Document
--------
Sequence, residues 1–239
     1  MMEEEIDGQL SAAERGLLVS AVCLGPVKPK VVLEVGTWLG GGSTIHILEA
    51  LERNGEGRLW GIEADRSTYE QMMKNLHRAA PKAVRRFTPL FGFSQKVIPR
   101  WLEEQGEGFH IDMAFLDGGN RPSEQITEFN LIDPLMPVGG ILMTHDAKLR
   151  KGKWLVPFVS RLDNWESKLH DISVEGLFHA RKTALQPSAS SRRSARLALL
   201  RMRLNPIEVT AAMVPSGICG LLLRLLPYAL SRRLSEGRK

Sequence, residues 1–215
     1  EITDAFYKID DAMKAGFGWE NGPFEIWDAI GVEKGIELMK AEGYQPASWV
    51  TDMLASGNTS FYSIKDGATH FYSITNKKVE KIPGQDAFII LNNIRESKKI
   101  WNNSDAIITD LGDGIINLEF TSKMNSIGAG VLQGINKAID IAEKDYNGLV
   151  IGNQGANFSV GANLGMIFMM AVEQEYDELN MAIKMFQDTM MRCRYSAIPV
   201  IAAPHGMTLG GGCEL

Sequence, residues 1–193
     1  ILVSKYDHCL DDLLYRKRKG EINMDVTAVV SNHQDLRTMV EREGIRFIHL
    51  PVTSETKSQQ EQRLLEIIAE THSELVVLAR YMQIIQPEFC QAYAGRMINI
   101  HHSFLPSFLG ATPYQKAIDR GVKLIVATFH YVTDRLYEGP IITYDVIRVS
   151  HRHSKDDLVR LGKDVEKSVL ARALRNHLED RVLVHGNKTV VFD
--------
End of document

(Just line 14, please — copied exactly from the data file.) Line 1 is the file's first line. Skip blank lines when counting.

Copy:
     1  ILVSKYDHCL DDLLYRKRKG EINMDVTAVV SNHQDLRTMV EREGIRFIHL